4. In your lab notebook discuss in a short paragraph (in an Analysis section) why there was a difference between how the bars of soap acted when heated in the microwave. Consider the difference in weight between the bars, even though they are roughly the same volume. If you think about why one weighed less you will be able to explain the difference.
  5. If it should be the case that you do not own a microwave then watch one of the videos at the following links to see what happens.


Answer all of the questions in a typed report. Use a numbered question and answer format.

  1. Consider your own experience of using microwave ovens. Can air be heated by the microwaves in a microwave oven? What evidence do you have for your answer?
  2. The way matter reacts to being microwaved varies. Molecules of water and soap react by rotating, bumping into one another, and generally increasing the speed of their motion. Other molecules, such as those that make up the air, are not affected by microwaves. How does microwaving the soap heat up the air bubbles inside it when the air itself cannot be heated with microwaves?
  3. What is the relationship between the temperature of a gas and the volume of the gas if pressure is kept constant? This is a principle commonly known as Charles’s Law. How is this principle demonstrated in the at-home portion of this lab?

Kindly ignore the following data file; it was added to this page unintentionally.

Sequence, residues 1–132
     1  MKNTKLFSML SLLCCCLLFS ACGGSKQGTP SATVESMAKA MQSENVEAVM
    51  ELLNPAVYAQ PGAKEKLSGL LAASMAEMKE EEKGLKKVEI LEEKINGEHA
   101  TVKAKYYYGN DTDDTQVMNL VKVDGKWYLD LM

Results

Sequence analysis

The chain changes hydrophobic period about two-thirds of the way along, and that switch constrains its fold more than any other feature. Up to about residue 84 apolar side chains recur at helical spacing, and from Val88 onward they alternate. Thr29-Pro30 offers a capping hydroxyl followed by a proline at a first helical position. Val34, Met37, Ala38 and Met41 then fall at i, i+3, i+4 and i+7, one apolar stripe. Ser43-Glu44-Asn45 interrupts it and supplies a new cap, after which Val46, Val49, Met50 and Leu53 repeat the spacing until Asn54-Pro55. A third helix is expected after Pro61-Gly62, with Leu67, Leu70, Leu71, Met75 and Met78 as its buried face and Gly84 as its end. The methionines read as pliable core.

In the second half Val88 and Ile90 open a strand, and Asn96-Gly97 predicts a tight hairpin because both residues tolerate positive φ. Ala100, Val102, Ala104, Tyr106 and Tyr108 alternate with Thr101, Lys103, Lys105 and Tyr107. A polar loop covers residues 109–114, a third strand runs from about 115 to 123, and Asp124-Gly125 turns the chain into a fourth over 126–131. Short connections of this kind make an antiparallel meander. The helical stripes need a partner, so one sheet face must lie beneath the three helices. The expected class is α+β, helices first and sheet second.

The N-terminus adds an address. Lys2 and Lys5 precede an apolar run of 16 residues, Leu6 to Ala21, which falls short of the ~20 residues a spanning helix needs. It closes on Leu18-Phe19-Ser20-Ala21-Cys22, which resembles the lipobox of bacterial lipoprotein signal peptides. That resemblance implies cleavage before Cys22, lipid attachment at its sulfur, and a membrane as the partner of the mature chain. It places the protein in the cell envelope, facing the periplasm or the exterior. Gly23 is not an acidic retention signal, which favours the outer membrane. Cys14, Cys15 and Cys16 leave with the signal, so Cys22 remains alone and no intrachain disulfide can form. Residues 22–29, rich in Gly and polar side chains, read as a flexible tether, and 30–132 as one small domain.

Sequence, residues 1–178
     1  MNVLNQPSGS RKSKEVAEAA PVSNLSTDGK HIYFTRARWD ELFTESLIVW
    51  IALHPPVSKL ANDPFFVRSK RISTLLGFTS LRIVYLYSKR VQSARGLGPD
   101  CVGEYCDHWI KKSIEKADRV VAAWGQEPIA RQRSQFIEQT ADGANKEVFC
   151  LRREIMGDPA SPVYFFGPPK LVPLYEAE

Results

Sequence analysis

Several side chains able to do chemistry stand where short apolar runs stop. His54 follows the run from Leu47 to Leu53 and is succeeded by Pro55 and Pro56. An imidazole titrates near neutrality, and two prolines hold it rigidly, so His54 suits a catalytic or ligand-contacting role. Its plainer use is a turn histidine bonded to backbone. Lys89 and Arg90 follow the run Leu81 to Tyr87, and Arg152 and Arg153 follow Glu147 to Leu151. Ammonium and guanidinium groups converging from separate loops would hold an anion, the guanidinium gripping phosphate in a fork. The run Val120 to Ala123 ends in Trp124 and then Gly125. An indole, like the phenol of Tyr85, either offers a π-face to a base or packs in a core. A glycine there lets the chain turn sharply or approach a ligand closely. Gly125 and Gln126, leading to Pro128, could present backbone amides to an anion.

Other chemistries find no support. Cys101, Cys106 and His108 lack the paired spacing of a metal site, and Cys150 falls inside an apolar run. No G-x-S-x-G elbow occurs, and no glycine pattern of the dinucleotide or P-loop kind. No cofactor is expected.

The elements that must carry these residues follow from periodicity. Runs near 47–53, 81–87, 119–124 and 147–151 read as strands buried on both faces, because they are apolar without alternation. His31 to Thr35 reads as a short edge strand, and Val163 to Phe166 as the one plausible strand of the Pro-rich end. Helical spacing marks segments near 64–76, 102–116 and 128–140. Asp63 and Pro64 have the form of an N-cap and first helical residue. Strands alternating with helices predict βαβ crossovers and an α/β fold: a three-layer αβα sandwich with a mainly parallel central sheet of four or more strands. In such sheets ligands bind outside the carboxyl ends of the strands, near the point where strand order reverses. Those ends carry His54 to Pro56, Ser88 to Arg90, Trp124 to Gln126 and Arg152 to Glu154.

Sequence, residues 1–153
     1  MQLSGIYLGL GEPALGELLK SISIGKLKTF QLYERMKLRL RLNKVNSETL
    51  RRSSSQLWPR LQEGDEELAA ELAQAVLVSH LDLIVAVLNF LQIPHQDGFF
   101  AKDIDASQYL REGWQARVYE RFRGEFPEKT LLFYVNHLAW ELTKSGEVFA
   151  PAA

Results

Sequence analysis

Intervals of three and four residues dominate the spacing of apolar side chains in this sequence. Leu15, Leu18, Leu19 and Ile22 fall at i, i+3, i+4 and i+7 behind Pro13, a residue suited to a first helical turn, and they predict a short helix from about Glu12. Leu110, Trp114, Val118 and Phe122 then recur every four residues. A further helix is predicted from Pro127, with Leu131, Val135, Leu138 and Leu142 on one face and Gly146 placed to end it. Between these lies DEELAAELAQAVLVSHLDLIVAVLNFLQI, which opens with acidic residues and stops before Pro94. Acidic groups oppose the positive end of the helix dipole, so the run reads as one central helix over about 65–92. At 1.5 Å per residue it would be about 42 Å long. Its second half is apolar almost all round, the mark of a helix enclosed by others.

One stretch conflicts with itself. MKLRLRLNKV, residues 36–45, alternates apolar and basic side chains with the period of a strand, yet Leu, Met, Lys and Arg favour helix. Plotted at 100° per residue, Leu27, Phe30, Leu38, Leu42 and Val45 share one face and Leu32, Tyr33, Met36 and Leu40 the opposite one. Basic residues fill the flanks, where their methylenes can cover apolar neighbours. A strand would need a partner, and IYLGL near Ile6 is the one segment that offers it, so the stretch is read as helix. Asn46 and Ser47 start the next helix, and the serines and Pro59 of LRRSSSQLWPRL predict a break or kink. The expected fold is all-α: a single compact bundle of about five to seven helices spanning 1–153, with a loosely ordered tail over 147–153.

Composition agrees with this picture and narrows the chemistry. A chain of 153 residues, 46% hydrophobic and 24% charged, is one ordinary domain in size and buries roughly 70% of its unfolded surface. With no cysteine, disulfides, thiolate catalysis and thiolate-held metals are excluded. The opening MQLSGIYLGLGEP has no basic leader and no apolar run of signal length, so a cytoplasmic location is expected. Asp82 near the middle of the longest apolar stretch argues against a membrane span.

4. Using a few well-crafted sentences, explain why the Ivory™ soap behaves the way it does when heated in a microwave oven.
  5. In this question the focus shifts to the in-class lab: What is the relationship between the volume of a gas and the amount of gas if pressure is kept constant? For example, what happens to the volume of gas when the amount of gas is reduced to one tenth of the original amount?
  6. What happens to the amount of gas inside a sealed container when the gas inside condenses into liquid form? What consequences does this have for the volume of the gas?
  7. Draw two molecular models. Model 1: a drink can filled with water vapor. Model 2: a drink can in which all of the water vapor has condensed to a liquid. Keep the same number of water molecules in each drawing. The can and the molecules will not be on the same scale. Make each molecule about 1 cm across and the can’s outline about 20 cm tall by 5 cm wide.
  8. In designing their experiment some students, maybe even your lab group, may have heated the aluminum can while it was empty. Why did the can not become instantly crushed when plunged in the ice water when it was heated without any water inside?
  9. Explain in detail how the atmospheric pressure crushed the can when it was heated with water inside and then quickly plunged into ice water.
  10. Atmospheric pressure amounts to a force equal to about 15 pounds on every square inch (in2) of area. The surface area of a 12 oz. aluminum drink can is about 100 in2. How many total pounds of force are exerted on the exterior of the can?
  11. Since the force on the can is so great, how is it possible for the can to remain un-crushed even without doing to it what you did in the lab?


Answer the questions above in a typed document.

Home-Inquiry Connection Labs
Last updated: Sep 09, 2019